However, in the midst of this both of these entities have set aside money for missions and for planting new churches, like The Village.  Our church, and others like us, are a sign of new life. WE ARE A BEACON OF HOPE.  Sometimes I get discouraged about our progress at times.  But we are a place of hope for these denominations.  Because, in times like these, we are growing and doing risky things. 

    Everywhere I went, people asked how we are doing and they wanted to hear stories of our ministry. Two seasoned pastors who have become regular supporters of The Village each handed me checks for $250 each.

    At the UCC meeting yesterday, the keynote speaker was encouraging folks to take some risks with worship and especially with music. He was really pushing folks to get outside their comfort zones. Kristen and I sat there smiling because most of what he was talking about are business as usual around here. We were feeling really good.  We really are making a difference and we really are becoming a model church in Ohio and others want to hear about what we are doing. They have invested time and money in us, and now we can help them learn to reach generations, and segments of the population that many of our churches have long neglected by both of our denominations.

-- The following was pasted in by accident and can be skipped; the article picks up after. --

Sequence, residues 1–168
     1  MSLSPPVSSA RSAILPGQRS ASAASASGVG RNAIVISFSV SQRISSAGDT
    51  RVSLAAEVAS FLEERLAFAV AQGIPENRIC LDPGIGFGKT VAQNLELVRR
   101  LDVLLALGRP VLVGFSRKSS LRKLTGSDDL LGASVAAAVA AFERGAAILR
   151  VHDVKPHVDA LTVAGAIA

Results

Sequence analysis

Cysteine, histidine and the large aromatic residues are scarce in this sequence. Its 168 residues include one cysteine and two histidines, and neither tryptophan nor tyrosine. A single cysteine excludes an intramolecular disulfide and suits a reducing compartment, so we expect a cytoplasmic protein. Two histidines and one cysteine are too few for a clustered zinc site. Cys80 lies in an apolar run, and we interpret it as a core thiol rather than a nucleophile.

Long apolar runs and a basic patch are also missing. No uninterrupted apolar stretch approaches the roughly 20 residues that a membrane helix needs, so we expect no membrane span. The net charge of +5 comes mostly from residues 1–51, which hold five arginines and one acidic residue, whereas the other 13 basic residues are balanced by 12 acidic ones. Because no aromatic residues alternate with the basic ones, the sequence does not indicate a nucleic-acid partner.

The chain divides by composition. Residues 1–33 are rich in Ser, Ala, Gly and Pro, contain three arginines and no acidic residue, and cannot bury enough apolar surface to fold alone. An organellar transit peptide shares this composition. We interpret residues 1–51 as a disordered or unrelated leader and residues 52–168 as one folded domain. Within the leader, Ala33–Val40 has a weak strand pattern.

This is what it means to be part of the covenant community, my friends. They have invested in us. We all invest in mission work together in Africa, and right here in our own community. And together, we are changing the world. And so, we grow stronger our financial feet, we will be asked to contribute more to our two denominations. There are funds that both the UCC and the UMC have. These are called covenant funds. The UCC calls it “Our Church’s Wider Mission.” The UMC apportionment fund is broken up into several funds including “Church World Service” and a few others. We contributed a token amount to those last year, but as we grow into self sufficiency we want to move to putting a tithe of our own giving back into those covenant funds. This is part of the covenant.

    You see, we all work together because we all belong to God. God gave our ancestors the land and promised to be their God. They had a covenant. And we are the inheritors of that covenant. Our part of the covenant is to be God’s people, and to care for the land and for all the people who live on it. That’s why we buy airplanes to deliver medical supplies and to transport sick people in Africa to health clinics. And that’s why existing churches have given money to plant The Village Church. We are all connected to one another.

    There are hundreds of United Methodist and United Churches of Christ that we are connected to in covenant in Ohio, and even more across the world. All those churches are a sign of the strength of the covenant. 

    God is blessing us. God never backs out on God’s part of the covenant.  That’s the most important part of the message of today.  We may fall away. Our human institutions and systems may strain under the weight of irrelevancy. But the strength of our relationship with God is never broken because God holds on to us. We can always return to our covenant to be God’s people. This church, everyone of you, this community,  is a beautiful sign of that covenant. Thanks be to God.